There are people who like to say that you weren’t really crazy, or that your craziness was a sane response to Scott being such a bastard.
They like to say that even if you were mad, Scott was far madder, and that is the real story here.
These are the same people who write dissertations on how Ophelia wasn’t really mad either, like she is a real person. They turn to the DSM and say Look, here, what she had is PTSD.
This pains me. It cuts me up inside. It makes me want to either lie down on the floor, or else find out where these people live and stage a Say Anything-style scene outside their homes.
There’s me, standing with a boom-box, sound as high as it can go. The boom-box is playing a song I have written myself. I play all the instruments and I do all the singing. My voice is very fine.
The song is called OPHELIA WASN’T A REAL PERSON.
The B-Side is called Zelda Fitzgerald Had A Lot of Problems and That’s Okay, It Doesn’t Mean That Scott Wasn’t a Dickhead or That Women Don’t Have It Pretty Rough In General.
I am sorry to be bringing all of this up on your birthday.
I am sorry, also, that you had such a terrible time, so much worse than anyone could have imagined.
You were very pretty and clever, as well as being a real sport. Also funny, charming, and perfectly unbeatable at idle chatter. You were good at making a scene, and good at sitting in the middle of it, wondering what all the fuss was about. You were probably excellent at tennis.
I feel sure you would have scared the hell out of me, and identified me at once as a cowardly nerd.
I would have accepted such a judgement as my due, but I would point out that we were destined eventually to be pals.
I would point out the things we have in common: we both like parties and clothes, and we both make a giant preening deal of how good we are at swimming. Everyone knows how good we are at swimming, what dashing figures we cut in the water, and this is because we never stop telling them.
We can’t help it.
We are very good.
I get it from my grandmother, the swimming thing. She took to the water at the slightest opportunity, insisting that one never regrets a swim.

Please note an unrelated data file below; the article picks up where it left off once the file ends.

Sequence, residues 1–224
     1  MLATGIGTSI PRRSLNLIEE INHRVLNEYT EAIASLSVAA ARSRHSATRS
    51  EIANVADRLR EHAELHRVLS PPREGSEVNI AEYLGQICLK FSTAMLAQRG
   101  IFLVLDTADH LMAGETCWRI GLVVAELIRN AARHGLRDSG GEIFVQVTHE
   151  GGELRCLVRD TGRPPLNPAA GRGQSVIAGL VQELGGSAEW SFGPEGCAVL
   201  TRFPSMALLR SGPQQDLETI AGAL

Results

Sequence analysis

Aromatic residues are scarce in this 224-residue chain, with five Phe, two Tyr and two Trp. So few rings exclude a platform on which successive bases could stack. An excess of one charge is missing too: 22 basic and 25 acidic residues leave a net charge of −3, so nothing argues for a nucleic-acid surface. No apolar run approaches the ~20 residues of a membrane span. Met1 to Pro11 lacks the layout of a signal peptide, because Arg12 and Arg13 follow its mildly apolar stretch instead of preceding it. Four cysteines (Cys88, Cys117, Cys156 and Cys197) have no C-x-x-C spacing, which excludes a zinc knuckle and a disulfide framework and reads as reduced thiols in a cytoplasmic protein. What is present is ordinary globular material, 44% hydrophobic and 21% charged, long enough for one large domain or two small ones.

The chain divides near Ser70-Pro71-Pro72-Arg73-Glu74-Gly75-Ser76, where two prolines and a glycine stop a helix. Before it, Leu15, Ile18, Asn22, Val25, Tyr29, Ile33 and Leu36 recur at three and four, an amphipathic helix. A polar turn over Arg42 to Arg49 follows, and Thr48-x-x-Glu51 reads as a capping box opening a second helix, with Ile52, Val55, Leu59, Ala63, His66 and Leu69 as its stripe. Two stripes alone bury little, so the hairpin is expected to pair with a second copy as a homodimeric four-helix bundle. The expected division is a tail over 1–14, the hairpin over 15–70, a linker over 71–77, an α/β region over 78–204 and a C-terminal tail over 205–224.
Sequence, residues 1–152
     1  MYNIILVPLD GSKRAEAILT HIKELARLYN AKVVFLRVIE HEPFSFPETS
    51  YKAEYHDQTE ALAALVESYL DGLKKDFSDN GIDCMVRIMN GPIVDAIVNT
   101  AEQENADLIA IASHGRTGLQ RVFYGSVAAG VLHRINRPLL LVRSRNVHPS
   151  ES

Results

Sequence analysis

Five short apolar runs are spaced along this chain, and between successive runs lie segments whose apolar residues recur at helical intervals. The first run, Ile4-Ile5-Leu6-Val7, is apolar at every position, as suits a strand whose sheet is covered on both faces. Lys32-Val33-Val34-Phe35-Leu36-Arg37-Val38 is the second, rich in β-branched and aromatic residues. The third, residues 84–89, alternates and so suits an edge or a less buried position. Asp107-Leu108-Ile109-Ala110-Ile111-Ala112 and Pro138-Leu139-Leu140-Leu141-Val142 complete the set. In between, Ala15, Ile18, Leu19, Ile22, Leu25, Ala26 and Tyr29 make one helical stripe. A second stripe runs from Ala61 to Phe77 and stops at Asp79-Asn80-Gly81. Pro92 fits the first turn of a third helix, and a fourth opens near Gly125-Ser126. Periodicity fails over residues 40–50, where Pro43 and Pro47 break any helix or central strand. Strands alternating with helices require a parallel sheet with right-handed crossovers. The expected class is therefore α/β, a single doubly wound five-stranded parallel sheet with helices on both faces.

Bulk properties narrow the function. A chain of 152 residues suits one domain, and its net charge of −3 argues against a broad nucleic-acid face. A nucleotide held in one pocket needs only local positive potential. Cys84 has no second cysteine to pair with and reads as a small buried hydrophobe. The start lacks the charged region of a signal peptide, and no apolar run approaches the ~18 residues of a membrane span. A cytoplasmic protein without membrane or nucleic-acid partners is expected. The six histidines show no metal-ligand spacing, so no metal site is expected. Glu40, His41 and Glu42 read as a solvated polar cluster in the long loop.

She also liked parties and clothes, and was very pretty and clever. She was the most unbelievable sport.
Her use of the word “extraordinary” made a profound impression on me. She used it in place of saying that she thought something was horrible or weird. I once heard her say “What an extraordinary man, and what an extraordinary house,” and I understood that a mortal blow had been dealt
You would have liked her a lot.
Her life was not perfect – there were times when she was very sad.
But it was a good and happy life, overall.
She loved her family and her friends, and we loved her back. Also: dressing up, mountains, music, flowers, rivers, angels, animals, and any excuse for a party.
Your life should have been like hers, but you ended up in an entirely different movie.
You couldn’t have known, when you were a young and glittering show-off, what sort of sadness was coming for you, and in what sort of quantities.
I am sorry, again, to be bringing all of this up on your birthday.
Here’s your present: there’s you, in the water, on a sunny day. Someone you love is standing on the jetty, waving at you. A party is just about to start. It’s going to be a good one. All your best people are coming. You know that you need to go in soon, but you can’t bring yourself to do it just yet. The water is so lovely, and you are such an excellent swimmer, after all. Another five minutes.